9F 92063 approaches Annfield Plain with the ‘Tyne Docker’, the last steam hauled iron ore train on 17 November 1965. Note the Type 4 diesel banking engine and the extra brake van added for a group of rail enthusiasts. Photo Author’s Collection

D6789 at Annfield Plain heading towards Stanley on 27 April 1965. Note the iron ore train heading towards Consett. Photo copyright Rail Online.

D6789, with brake tender leading, heads a steel train at Annfield Plain heading towards Stanley on 27 April 1965. Note the iron ore train heading towards Consett. Photo copyright Rail Online.

Appr Annf Plain 11-4-80 37062

37062 approcahes Annfield Plain with a train of bogie bolsters carrying a load of steel plate on 11 April 1980 just a few months prior to the closure of the steel works. Photo Copyright Stephen McGahon

37089 at Annfield East on 29 June 1976. Photo copyright Stephen McGahon

37004 at Annfield Plin with the 6K40 oil tanker train on 12 February 1979. Photo Copyright John Atkinson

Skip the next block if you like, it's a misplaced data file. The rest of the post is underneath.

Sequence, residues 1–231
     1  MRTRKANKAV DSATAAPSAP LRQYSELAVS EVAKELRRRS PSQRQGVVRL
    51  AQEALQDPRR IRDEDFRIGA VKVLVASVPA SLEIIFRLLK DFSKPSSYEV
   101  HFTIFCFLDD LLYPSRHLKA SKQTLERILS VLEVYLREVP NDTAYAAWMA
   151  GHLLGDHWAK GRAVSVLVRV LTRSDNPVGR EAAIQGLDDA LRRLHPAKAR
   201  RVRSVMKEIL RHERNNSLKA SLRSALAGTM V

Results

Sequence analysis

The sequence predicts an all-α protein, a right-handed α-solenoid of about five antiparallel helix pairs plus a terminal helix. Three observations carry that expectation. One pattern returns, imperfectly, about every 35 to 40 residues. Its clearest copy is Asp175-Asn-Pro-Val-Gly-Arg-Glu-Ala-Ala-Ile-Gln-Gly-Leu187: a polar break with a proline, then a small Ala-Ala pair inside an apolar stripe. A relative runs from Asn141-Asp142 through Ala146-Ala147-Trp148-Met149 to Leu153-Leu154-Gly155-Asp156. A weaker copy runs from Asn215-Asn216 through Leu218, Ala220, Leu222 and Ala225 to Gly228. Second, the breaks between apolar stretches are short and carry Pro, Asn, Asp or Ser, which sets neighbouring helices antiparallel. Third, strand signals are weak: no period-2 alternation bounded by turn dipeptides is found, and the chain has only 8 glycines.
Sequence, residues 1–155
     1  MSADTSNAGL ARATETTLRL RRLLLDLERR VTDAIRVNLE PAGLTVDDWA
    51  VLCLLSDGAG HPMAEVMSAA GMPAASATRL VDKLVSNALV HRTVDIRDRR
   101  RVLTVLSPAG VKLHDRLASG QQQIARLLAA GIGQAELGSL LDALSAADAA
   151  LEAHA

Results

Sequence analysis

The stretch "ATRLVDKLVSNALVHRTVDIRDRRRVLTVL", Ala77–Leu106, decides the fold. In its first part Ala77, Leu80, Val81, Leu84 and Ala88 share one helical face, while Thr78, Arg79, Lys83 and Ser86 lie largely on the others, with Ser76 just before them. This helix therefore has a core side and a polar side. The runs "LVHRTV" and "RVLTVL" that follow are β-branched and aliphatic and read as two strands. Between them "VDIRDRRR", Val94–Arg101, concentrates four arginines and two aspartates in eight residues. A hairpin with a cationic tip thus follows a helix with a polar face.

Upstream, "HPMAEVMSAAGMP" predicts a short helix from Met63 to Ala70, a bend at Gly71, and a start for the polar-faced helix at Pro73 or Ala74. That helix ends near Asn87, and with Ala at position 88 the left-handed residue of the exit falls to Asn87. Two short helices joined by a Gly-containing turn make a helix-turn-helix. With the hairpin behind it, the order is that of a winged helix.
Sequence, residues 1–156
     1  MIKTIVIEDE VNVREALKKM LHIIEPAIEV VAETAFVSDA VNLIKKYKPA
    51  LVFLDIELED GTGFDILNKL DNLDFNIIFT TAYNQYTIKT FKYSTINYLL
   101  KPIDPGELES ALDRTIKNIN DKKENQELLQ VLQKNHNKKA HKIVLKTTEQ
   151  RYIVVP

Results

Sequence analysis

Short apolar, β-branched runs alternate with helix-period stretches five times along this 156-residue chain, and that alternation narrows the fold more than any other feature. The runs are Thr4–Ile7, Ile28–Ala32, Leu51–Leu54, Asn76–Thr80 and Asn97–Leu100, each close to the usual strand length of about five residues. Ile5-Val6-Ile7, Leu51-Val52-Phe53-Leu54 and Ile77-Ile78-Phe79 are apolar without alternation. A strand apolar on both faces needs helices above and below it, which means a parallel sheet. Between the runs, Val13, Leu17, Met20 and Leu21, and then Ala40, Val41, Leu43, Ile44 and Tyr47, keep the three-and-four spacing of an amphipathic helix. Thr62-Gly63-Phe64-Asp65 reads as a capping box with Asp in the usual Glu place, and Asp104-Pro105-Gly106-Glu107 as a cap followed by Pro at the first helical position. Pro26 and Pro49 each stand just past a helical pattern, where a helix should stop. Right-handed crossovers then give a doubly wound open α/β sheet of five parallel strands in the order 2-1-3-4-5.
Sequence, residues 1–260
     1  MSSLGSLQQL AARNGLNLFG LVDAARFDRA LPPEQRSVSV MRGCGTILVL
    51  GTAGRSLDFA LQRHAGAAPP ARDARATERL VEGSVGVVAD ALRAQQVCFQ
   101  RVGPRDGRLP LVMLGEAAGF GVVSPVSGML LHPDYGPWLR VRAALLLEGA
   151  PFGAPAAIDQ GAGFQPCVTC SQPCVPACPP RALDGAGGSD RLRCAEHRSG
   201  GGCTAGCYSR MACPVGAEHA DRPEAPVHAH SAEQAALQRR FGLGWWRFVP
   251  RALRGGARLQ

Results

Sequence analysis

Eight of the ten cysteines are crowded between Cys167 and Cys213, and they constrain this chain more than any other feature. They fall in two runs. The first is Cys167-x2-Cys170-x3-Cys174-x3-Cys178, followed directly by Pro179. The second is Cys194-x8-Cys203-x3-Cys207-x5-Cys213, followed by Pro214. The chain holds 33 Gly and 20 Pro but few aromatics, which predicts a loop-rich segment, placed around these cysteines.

37004 at Annfield Plain with the 6K40 oil tanker train on 12 February 1979. Photo Copyright John Atkinson

The photo below shows the final revenue earning train on the line. The photographer, Craig Oliphant, writes:

37023 heads the last freight from Consett (coal empties) at Annfield Plain S&T Junction on 30 September 1983.
The original Stanhope & Tyne Railway route is seen in the foreground, this trailed off to Oxhill and Morrison Busty Colliery. Behind the train a second junction once connected with the Tanfield Branch, but at this time it was just truncated and used as a run round for coal trains that only ventured this far. I had traveled with the loco from Consett High Yard, ‘we’ picked up other enthusiasts en-route boarding near Greencroft. The crew kindly allowed us several photo stops were made on our way down to South Pelaw. I had made “The End” headboard which was carried by the last lifting train on the Washington – South Pelaw lifting train, and on the rear of the last passenger train from Consett.

37023 at Annfield Plain on 30 September 1983

37023 at Annfield Plain on 30 September 1983.  Photo copyright Craig Oliphant

and the crew of the above train ready to leave Consett for the final time, photo caption by Craig Oliphant:

The Crew of 37023 at Consett High Yard as they prepare to haul the last freight train (coal empties) to Tyne Yard. Driver John Lodge, but the guard's name escapes me. 30-09-83.